It’s my pleasure to publish this humorous piece by my Guest Blogger Mr Rod Zatyko, with whom I had the enormous pleasure of sharing a cabin for more than 6000 nautical miles from New Zealand round Cape Horn to the Falkland Island/Malvinas.
Ship of Intrigue
By Rod Zatyko
At the time of writing [December 2013], the Bark Europa has raced and manoeuvred hundreds of miles away from our fellow sailing comrades, the Tecla and the Oosterschelde. Is this simply a result of the natural competitive instincts of sailors, or is there something more serious, more sensitive involved? Let us explore.
We have aboard Europa a very interesting cast of characters. Among the permanent crew, there is an ex-submarine officer of the Dutch Royal Navy. As a communications specialist, he was privy to highly technical, highly classified information and equipment. I am not at liberty to name him, but let me say he is big and hairy.
Also on board is a highly trained ex-intelligence operative of the United States Army. I have actually seen him drink a martini, shaken, not stirred. As we all know about this breed, once in, never out. Why is he here? What is his mission?
A suave, sophisticated multi-lingual Dutch diplomat is a member of the voyage crew as well. These talented Foreign Service personnel were often recruited into national secret service organisations. When asked, he denies it. But of course, he would. What kind of dangers has this man seen over his decades of service? What would he not do for his country?
An elderly yet fit ex-officer of the French Navy constantly prowls the ship – observing, filing information, quiet in his ways, often with sextant in hand. His two lovely French compatriots may or may not be a medieval archaeology scholar and a budding merchant sea[wo]man respectively. It would make a wonderful Dan Brown-like cover story, wouldn’t it?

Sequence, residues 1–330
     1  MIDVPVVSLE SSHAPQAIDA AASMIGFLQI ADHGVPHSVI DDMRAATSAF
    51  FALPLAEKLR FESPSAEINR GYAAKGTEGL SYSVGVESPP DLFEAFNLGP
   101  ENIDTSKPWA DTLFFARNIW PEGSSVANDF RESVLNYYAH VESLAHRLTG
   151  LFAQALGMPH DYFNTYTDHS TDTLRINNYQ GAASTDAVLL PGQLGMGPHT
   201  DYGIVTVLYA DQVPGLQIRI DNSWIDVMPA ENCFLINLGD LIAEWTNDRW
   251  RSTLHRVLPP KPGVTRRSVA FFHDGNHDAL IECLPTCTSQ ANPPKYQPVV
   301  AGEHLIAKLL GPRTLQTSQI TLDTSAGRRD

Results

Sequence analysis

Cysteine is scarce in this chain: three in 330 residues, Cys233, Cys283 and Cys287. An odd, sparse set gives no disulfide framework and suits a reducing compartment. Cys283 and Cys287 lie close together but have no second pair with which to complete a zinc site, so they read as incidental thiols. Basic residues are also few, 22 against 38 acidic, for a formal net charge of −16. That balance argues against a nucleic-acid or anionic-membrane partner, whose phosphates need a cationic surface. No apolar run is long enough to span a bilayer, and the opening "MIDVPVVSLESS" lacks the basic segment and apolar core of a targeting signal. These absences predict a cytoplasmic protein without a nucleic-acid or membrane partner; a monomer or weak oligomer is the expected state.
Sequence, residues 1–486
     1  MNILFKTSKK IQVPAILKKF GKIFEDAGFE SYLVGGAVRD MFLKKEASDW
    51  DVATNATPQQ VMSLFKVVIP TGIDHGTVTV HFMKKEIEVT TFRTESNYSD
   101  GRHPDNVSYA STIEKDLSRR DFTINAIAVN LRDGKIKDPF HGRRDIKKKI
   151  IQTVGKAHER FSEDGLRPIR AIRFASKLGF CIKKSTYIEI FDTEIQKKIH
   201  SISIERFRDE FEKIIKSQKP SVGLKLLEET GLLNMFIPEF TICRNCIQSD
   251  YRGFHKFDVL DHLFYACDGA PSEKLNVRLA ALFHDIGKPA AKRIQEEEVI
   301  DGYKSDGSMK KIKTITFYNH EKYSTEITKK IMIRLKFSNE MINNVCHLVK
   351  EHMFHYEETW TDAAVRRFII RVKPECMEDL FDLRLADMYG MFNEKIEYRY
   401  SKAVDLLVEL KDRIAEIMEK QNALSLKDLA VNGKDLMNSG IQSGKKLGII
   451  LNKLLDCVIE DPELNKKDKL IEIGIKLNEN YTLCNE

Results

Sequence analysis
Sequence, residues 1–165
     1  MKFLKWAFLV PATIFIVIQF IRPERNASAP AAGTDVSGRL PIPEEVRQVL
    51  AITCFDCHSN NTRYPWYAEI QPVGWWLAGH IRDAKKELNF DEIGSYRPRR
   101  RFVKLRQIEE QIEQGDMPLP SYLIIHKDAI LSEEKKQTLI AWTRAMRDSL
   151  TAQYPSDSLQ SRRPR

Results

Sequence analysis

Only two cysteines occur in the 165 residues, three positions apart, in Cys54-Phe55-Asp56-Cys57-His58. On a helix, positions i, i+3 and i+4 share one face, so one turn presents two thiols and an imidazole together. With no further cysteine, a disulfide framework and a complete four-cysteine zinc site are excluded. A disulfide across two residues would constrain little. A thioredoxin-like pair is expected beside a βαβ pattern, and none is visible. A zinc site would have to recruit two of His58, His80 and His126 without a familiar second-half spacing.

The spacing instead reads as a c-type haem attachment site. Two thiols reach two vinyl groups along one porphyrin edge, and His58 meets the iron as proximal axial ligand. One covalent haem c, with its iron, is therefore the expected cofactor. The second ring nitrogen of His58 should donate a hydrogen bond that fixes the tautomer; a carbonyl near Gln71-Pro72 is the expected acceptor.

If this isn’t enough to ponder, then consider the quiet American nuclear engineer who is potentially a player in this same operation. Naturally reticent (secretive?), he is involved in the design and production of experimental nuclear reactors. He has been forthcoming about his profession; to a point.
During the evenings, a strange Geiger-counter-like device is seen near the wheelhouse, always being swung by officers on watch, taking atmospheric readings of some sort. Careful observations are recorded regarding ocean life, water temperatures, and atmospheric conditions. Radiation levels, as well perhaps?
Furtive radio contact occurs during the wee hours of the morning. As information is passed, or received, from headquarters, the rudder indicator fluctuates wildly, so those of us on the helm knew when contacts are being made.
Do the Dutch have designs on the formation of a South Pacific or Atlantic base? Is the light house at Cape Horn safe in Chilean hands? In this the spearhead of a combined allied force meant to counteract North Korean aggression with southern hemisphere?
There are many questions, yet there are few answers.